Because the agreement is unenforceable under the statute of frauds as a transaction in goods with no ascertainable quantity term, we reverse and render.
I. FRAUDULENT INDUCEMENT CLAIM.
At the close of PowerTech's evidence, Attwood moved for judgment as a matter of law urging that the Texas Uniform Commercial Code governed the parties' agreement and that its statute of frauds
bars recovery.2 The statute of frauds bars recovery under a sales contract that lacks a written quantity term or a written specification that the buyer will purchase exclusively from the seller.3 Attwood points out that the agreement at issue, a letter of January 28, 1997, specifies no quantity of propellers nor contains any exclusivity provision.
But the district court denied the motion, refusing to hold as a matter of law that the U.C.C. governed the agreement. To the contrary, the court determined that the U.C.C. did not apply because the contract was not a sale of "goods."4 The district court held that the agreement was a "hybrid contract" for both services and goods, and that the predominant purpose of the contract was the provision of "services" rather than the sale of "goods."5 If correct, the common law rather than the U.C.C. would apply, and the statute of frauds--found in section 2.201 of the U.C.C.--would be inapplicable.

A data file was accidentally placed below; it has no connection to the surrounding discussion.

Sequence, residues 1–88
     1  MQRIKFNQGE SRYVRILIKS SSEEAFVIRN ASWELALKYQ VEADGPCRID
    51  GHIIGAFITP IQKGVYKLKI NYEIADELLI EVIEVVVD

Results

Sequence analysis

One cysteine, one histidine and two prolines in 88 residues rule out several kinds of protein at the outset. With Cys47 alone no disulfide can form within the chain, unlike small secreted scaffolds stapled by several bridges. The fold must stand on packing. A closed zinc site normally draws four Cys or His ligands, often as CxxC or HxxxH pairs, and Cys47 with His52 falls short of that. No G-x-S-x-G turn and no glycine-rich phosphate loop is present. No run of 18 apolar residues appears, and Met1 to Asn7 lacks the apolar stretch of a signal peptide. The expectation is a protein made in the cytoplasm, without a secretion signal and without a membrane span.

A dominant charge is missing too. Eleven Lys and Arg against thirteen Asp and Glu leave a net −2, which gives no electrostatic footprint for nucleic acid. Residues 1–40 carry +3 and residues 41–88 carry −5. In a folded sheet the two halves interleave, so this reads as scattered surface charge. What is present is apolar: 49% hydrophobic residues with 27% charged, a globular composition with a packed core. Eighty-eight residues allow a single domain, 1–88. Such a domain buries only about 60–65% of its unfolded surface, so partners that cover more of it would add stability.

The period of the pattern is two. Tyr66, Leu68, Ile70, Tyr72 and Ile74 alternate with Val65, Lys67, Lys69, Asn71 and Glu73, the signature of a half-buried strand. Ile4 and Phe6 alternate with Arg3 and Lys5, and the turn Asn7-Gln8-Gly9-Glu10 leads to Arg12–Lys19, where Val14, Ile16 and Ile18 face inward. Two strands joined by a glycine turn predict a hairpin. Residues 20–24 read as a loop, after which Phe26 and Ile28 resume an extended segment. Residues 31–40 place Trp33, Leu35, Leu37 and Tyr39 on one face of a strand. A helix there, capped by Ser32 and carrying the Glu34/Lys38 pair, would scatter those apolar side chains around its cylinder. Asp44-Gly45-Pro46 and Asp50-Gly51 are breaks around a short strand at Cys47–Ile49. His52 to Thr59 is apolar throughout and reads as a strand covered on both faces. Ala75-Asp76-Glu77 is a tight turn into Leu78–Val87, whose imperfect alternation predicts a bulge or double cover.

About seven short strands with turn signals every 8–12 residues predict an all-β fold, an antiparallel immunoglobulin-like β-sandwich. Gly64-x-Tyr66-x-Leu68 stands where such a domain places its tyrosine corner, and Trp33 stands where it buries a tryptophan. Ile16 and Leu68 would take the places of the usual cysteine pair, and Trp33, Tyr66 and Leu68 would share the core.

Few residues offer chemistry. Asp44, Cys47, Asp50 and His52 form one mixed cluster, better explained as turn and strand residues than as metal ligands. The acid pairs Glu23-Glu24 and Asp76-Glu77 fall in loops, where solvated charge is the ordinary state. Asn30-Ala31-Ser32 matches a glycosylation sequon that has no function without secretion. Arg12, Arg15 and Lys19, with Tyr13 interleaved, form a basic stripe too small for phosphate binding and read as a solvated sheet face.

PowerTech first contends that Attwood has waived the statute-of-frauds defense as it relates to fraudulent inducement. At its first motion for judgment as a matter of law, Attwood urged the statute-of-frauds defense but only on the breach-of-contract claim. Attwood did not argue that the statute of frauds could bar the fraud claim as well as the contract claim until it renewed its motion for judgment as a matter of law.